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Jim Flaherty’s corporate tax overhaul made Canada competitive

Finance Minister Jim Flaherty stands in the House of Commons during Question Period.

FRED CHARTRAND/THE CANADIAN PRESS

Much has already been written about Jim Flaherty's years as Minister of Finance in the few days since he resigned. However, little has been said about what might be his greatest legacy: A slow and deliberate effort to broaden the corporate tax base and eliminate so-called "loopholes" and tax preferences. These moves have allowed for a reduction in corporate tax rates that, together with other changes to the tax system, have made Canada's corporate tax system one of the most competitive in the world.

Mr. Flaherty pursued "fiscal integrity" or "loophole closing" with almost religious fervour. In his 2013 budget, he included an unusual item – a pamphlet that touted more than 75 measures introduced since 2006 aimed at "improving integrity and closing tax loopholes." This shouldn't be a big surprise from the minister who was willing to take the heat of closing down income funds almost a decade ago – which was politically risky, but good tax policy. These efforts have not only made the Canadian system more competitive, they have also enhanced the economic neutrality of the corporate tax system. Economic neutrality – or minimizing the extent to which tax considerations skew economic decision making – has traditionally been a key component of tax policy making in Canada.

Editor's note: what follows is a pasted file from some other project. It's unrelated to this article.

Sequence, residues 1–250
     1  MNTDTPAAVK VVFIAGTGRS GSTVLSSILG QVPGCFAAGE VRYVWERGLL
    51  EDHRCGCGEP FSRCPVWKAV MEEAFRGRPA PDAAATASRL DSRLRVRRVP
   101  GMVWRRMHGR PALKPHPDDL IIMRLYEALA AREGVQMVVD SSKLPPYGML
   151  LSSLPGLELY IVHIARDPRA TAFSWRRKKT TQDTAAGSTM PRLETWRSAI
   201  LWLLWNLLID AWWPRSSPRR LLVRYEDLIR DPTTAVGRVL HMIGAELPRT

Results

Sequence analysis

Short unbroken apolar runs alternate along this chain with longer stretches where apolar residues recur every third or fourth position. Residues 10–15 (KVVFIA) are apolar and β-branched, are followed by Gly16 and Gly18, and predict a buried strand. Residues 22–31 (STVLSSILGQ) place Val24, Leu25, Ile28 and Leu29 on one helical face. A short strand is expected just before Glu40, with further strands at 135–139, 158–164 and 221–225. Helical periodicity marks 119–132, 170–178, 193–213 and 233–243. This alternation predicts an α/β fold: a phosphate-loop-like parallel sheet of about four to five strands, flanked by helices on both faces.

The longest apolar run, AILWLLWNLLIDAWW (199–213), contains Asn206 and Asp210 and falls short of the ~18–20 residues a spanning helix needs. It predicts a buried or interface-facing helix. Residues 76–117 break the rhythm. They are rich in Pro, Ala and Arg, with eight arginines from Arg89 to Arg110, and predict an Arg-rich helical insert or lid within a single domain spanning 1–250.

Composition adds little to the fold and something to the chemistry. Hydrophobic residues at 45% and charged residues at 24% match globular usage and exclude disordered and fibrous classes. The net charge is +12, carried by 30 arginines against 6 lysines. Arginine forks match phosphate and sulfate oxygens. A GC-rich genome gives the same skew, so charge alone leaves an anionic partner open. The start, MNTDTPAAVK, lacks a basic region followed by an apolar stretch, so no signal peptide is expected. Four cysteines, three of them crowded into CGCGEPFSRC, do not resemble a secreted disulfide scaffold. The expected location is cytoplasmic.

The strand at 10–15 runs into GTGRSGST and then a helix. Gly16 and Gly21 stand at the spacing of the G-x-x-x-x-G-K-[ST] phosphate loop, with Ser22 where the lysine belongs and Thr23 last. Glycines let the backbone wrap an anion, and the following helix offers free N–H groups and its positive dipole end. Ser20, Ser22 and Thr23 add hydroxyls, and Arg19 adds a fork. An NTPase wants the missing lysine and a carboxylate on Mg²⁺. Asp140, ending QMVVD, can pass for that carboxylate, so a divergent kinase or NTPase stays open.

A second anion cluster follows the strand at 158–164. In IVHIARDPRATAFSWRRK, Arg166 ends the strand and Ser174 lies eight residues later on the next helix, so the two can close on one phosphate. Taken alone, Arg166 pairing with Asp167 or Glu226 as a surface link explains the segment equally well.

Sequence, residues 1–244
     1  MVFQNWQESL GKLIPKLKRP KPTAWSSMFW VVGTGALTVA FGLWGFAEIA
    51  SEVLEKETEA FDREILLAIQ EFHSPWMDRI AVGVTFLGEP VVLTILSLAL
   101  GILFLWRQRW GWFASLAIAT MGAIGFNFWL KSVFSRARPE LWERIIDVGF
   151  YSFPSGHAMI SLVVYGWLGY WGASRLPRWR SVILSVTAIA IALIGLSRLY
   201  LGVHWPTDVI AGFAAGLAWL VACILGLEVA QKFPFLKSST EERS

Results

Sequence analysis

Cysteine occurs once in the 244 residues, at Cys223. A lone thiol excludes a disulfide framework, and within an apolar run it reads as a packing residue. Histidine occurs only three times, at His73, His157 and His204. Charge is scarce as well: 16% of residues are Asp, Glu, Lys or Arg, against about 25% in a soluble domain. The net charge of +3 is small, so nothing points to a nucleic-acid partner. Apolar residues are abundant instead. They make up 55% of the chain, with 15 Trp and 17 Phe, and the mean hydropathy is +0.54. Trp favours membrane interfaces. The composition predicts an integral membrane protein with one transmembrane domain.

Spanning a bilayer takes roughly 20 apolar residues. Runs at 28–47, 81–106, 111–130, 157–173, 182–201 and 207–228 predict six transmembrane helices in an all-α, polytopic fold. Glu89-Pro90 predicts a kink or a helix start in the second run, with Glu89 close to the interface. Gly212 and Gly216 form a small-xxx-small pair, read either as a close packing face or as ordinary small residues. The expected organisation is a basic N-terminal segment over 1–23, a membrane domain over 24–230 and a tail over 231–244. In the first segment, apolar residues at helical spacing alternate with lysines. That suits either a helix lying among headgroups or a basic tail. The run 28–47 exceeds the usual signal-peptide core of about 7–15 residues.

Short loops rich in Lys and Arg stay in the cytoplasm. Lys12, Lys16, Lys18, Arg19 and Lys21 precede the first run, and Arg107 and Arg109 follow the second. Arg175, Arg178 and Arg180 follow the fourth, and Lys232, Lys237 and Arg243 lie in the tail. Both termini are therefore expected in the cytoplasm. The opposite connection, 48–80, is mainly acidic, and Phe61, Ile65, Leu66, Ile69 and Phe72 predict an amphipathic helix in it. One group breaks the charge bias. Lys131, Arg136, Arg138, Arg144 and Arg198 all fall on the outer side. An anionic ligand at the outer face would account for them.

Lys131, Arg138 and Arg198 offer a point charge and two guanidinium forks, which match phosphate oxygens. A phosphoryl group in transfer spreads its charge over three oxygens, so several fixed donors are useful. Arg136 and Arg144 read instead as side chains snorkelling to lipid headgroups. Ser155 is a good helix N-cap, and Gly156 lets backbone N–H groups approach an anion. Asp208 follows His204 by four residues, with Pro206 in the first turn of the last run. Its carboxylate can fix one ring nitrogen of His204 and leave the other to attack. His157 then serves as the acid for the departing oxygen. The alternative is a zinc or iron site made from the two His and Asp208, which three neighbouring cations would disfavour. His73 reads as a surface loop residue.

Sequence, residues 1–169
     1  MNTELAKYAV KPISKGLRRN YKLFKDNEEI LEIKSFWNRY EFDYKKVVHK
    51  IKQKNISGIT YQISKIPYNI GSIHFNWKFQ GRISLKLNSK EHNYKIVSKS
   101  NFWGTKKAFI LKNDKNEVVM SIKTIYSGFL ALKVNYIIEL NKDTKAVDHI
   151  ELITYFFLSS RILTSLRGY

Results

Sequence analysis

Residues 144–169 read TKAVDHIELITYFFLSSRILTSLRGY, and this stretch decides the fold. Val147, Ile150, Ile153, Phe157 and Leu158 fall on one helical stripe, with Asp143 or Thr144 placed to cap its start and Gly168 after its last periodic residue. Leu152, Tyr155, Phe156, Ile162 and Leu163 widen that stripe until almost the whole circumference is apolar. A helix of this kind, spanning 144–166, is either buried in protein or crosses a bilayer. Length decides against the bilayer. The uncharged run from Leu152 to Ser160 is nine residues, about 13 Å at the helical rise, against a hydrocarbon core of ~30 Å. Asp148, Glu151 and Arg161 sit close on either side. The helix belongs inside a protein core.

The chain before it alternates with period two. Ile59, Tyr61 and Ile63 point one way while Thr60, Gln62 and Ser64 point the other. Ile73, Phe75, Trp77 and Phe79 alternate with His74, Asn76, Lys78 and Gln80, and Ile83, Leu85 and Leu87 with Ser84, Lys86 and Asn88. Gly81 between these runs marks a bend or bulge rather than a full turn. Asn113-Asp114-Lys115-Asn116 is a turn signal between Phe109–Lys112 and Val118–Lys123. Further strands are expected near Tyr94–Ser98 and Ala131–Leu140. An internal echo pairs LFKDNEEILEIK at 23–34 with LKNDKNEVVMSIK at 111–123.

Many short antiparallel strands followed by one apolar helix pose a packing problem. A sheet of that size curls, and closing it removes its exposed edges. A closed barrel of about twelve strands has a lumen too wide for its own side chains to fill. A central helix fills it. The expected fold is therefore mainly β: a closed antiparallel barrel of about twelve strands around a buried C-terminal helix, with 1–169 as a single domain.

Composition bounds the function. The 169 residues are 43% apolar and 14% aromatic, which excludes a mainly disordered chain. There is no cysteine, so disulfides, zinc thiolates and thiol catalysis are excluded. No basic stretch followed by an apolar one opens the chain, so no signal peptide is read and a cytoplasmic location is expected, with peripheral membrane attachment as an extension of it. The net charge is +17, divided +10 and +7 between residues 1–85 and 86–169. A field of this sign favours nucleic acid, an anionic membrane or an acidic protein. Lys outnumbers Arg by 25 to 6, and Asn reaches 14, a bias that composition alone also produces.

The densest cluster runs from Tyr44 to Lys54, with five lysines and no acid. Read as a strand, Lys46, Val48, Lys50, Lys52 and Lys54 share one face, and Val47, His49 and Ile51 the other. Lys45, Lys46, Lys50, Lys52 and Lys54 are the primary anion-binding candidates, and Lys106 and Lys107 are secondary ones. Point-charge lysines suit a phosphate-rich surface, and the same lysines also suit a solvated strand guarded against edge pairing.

These efforts have also contributed to the ability to reduce the general federal corporate income tax rate from about 29 per cent in 2000 to 15 per cent in 2012, and the establishment of a 25-per-cent target for the combined federal-provincial general corporate income tax rate, down from combined rates that exceeded 40 per cent a decade ago. They also include the elimination of the federal corporate capital tax in 2006, and Mr. Flaherty's successful efforts to persuade the provinces to eliminate their general capital taxes. Tariffs on imports of manufacturing inputs and machinery and equipment were also eliminated on Mr. Flaherty's watch. These and other improvements resulted in Canada having the lowest marginal effective tax rate on new investment among G7 countries (before British Columbia de-harmonized its sales tax).

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Improvements in tax administration have reduced the compliance burden imposed on taxpayers in the business sector. These include, in particular, the Canada-Ontario Tax Collection Agreement that provided for the single administration of corporate income tax in Ontario by the Canada Revenue Agency, rather than by separate federal and provincial administration. This, combined with harmonization of the sales tax system in Ontario, significantly reduced annual compliance costs for taxpayers carrying on businesses in Ontario.

A recent joint study by the World Bank, International Finance Corporation and PricewaterhouseCoopers, analyzing the ease of corporate tax compliance in 189 countries, placed Canada in the top 10 – the only G7 country to place that high. The U.S. was ranked 64th, illustrating yet again that while we in Canada must always be aware of tax developments in the U.S., we shouldn't necessarily look southward for inspiration. (Some have joked that the U.S. has been economically successful in spite of its tax system, not because of it.)

Some have criticized Mr. Flaherty for introducing the various "905" tax credits for such items as children's arts and athletics, and public transit. And yes, these credits are better politics than they are policy. But the reality is that they are small in the greater scheme of things, and they are personal tax credits. On the corporate tax system, Mr. Flaherty can be proud of his legacy.

Tim Wach is a tax partner with Gowling Lafleur Henderson LLP.

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